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Offering comfort and compassion to newly diagnosed women can be a blessing.
Sitting in the outpatient clinic, I waited for my name to be called. I was there for an ultrasound on my chest. At my last appointment with the breast surgeon, she'd discovered a suspicious mass and wanted me to have it checked immediately. As I sat waiting for my turn in the radiology lab, I watched all the women coming in for their mammograms. Women of all shapes and sizes were filing in like dutiful soldiers. After each woman entered, she was given instructions by a volunteer to take a gown, enter the dressing room and remove everything from the waist up. By the looks on their faces, I could tell which women had been through this procedure before and which ones were new to diagnostic testing. My heart went out to the newbies. I remembered how I'd felt on the first day of my initial mammogram. I was scared to death and had no idea what to expect. I'd wished for someone to come with me and hold my hand through the procedure. As I remembered how I felt, that's when I realized I had a huge responsibility. A breast cancer survivor would be the perfect person to come alongside a first timer, especially if she was a person with a positive story and a positive outlook on life. Although I no longer have my breasts, I'd already been through regular mammograms and diagnostic mammograms, biopsies, scans and treatment. I was a seasoned veteran in the breast cancer war.
I watched as one woman after another was called back for her test. Fear and trepidation crossed the faces of the first timers. I did my best to smile and say a kind word as each passed by. I wanted to help alleviate some of their anxiety, even if it was just in a very small way. I felt it was my duty. One of the volunteers in the area noticed my attempts to help. She came up to me and asked my name. I told her my name and shared the paraphrased version of my breast cancer story with her. She sat down beside me to listen for more. She asked a lot of questions and wondered if I might consider becoming a volunteer in the mammogram clinic. I explained the thought had crossed my mind. She told me I'd be perfect for the job. She'd been watching me interact with the other women and had seen a caring and compassionate heart. I thanked her for her kind remarks as my name was called.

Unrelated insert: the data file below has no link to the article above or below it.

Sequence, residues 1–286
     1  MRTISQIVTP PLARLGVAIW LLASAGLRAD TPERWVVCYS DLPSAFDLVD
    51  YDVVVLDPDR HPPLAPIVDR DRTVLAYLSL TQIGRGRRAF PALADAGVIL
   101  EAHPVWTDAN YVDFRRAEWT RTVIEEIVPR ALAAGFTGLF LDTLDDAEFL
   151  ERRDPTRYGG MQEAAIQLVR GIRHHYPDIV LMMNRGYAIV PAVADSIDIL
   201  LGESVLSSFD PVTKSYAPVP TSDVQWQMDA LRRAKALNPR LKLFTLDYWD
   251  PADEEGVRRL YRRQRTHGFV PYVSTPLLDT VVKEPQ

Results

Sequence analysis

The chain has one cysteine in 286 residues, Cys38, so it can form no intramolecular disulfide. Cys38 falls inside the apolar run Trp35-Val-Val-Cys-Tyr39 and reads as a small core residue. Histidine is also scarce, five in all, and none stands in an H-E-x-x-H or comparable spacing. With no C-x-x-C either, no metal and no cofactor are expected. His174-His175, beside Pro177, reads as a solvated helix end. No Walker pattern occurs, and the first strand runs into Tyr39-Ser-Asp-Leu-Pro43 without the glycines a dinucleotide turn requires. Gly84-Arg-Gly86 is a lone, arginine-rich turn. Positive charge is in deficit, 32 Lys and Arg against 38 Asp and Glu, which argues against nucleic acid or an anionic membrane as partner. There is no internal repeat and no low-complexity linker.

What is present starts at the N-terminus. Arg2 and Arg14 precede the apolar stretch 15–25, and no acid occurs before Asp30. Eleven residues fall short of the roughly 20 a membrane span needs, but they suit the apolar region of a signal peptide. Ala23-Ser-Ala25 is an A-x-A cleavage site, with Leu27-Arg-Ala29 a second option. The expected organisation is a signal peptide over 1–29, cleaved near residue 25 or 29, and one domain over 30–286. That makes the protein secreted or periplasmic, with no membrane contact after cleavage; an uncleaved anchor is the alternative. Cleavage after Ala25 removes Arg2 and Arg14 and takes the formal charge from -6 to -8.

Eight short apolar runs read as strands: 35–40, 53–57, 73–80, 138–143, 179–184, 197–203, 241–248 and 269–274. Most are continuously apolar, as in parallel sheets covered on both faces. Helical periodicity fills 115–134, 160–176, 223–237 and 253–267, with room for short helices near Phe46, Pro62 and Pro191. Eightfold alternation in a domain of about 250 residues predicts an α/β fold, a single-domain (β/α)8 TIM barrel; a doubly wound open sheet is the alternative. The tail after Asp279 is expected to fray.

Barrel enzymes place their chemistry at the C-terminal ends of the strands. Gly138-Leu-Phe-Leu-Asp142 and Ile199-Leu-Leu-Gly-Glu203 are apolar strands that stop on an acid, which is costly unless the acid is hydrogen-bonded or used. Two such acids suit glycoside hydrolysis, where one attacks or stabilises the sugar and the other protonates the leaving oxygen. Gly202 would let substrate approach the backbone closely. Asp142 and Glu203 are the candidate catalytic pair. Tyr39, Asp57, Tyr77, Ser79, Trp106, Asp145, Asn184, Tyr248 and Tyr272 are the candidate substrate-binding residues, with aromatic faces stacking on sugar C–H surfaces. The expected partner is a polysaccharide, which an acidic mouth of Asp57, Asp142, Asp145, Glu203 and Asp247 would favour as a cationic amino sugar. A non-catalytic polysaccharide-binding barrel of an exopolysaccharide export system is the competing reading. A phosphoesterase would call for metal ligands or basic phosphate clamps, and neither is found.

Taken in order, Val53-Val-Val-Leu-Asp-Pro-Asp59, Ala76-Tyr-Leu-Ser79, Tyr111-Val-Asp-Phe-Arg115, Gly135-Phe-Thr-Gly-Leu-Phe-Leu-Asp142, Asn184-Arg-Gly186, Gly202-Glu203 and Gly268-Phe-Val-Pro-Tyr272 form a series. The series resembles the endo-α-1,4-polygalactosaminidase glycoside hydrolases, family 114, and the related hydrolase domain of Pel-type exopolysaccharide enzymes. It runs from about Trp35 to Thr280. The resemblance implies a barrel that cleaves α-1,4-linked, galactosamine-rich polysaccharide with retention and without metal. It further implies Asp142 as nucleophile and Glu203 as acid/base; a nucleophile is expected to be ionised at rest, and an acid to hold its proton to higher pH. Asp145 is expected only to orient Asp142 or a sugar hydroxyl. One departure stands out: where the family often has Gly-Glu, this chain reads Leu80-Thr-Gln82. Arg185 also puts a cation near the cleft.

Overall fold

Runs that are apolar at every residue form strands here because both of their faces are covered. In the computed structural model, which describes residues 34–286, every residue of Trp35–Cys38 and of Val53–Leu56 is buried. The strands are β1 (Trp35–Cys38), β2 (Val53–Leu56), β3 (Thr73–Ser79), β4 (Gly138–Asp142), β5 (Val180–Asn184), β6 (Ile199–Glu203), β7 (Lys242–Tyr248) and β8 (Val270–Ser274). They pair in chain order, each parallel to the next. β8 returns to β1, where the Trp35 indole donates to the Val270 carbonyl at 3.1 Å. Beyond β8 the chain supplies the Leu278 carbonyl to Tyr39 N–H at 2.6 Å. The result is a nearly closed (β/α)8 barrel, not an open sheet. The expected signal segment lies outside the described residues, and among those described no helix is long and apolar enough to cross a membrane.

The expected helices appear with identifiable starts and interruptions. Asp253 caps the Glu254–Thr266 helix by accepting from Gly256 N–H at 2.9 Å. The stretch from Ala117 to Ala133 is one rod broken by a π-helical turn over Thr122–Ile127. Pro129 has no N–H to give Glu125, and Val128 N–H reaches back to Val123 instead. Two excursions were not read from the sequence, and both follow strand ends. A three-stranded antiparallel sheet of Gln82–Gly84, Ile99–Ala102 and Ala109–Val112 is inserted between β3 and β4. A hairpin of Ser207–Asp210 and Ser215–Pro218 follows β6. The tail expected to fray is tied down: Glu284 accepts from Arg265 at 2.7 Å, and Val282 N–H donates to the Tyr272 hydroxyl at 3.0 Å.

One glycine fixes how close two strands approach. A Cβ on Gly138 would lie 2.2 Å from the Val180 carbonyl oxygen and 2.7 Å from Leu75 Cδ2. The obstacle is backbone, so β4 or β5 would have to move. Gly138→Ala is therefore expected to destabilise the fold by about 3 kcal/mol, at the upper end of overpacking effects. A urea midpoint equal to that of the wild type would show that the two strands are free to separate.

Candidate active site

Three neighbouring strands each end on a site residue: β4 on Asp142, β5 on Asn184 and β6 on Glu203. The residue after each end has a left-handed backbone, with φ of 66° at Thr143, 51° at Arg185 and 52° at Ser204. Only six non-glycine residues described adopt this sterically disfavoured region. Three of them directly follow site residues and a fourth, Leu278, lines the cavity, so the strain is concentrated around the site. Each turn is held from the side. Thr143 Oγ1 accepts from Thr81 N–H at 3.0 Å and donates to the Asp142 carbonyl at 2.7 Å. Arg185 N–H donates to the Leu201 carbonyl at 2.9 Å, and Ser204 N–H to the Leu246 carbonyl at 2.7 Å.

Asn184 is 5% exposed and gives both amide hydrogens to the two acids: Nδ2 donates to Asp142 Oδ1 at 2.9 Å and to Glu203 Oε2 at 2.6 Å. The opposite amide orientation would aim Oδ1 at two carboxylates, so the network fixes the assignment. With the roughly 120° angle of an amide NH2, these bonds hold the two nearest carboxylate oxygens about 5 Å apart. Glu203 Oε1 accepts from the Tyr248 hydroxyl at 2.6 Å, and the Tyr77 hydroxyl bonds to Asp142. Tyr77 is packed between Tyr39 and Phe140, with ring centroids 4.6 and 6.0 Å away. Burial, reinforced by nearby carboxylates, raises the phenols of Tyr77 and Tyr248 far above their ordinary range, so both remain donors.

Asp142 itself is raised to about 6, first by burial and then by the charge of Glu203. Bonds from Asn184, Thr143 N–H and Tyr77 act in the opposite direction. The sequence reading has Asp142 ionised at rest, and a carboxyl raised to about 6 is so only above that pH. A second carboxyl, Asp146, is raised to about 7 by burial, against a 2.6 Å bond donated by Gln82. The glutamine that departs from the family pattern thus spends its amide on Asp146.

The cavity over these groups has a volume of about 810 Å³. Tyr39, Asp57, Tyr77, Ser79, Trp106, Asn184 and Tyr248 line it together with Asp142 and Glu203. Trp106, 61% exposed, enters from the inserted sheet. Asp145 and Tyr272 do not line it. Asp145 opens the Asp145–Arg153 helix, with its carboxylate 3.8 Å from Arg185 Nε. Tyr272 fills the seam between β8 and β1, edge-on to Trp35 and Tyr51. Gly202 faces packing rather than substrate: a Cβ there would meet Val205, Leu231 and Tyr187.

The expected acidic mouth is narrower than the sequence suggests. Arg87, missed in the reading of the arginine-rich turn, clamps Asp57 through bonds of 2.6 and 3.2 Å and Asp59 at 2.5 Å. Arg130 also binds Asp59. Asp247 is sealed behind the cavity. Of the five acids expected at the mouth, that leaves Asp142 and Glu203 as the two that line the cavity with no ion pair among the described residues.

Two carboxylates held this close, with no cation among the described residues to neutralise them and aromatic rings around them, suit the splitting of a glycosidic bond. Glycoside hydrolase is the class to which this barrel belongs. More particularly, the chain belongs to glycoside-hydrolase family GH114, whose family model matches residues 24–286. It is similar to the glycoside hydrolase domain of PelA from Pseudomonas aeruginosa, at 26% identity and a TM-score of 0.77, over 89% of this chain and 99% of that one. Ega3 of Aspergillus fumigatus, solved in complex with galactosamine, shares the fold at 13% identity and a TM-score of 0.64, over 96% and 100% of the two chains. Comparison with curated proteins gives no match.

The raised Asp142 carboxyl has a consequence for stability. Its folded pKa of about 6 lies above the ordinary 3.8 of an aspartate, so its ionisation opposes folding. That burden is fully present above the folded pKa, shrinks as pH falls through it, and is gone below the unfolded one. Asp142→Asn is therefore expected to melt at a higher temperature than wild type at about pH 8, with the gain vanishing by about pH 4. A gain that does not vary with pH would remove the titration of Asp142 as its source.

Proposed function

Going back for my ultrasound was a piece of cake. I'd had several before and knew exactly what to expect. I'd already decided if the radiologist thought my cancer had returned, I'd be ready for the next step which would be a biopsy. I didn't get anxious or afraid. I greeted the radiology tech and we instantly began a conversation as she placed the conductive gel on my chest. I watched as she used the wand to glide over the area of concern. The computer screen showed an image I couldn't decipher but with her training, the tech knew exactly what she was viewing. The images were complete and the tech went to show them to the radiologist for his advice. When he came into the room to talk with me, I was calm and collected. As I mentioned earlier, I'd been through this procedure before and knew what to expect. No evidence of cancer had been found. I was very grateful and told the tech I hoped I didn't see her again any time soon. She smiled and said goodbye.
I exited the radiology room and headed back toward the dressing room to get my clothing. In the hallway, I saw a young woman with her head down. As I approached, I heard her soft sobs. Immediately, I knew she'd received bad news. I walked up beside her and spoke in a gentle and reassuring tone. I told her I was a survivor and I wanted her to know it was going to be OK. I wanted to offer her hope. She looked up and through tear filled eyes, I could tell she was hurting but also listening. I asked if she needed someone to talk with and offered to sit with her if she did. Her shoulders dropped and she quietly said, "I just can't believe it, why me?" I couldn't answer that question and told her so, but I did say I'd been in her shoes. I knew exactly how she was feeling. I'd asked the same question myself just a little less than three years ago. She asked me what would happen next and I told her a little of my story and how things had progressed. She seemed more at ease being able to hear about my experience. We exchanged phone numbers and I told her I would be available to answer any questions she might have, no matter how insignificant they seemed. We parted ways but before we did, I gave her a hug and reminded her, being told you have breast cancer doesn't necessarily mean you're going to die. She took a deep breath and let it out. "I'm so glad you said that," she exclaimed. She had been thinking, like I did when I was diagnosed, that breast cancer was a death sentence.
Being able to help reassure this newly diagnosed woman blessed me and made me realize that I want to encourage others. I also want to make sure my female friends and family get mammograms. An unwritten rule of responsibility falling on the shoulders of every survivor should be a willingness to comfort those newly diagnosed and help them navigate through cancer. Some survivors would be better equipped and more willing to assist in this way than others, but I feel it my duty to step up and help lighten the load of another if at all possible.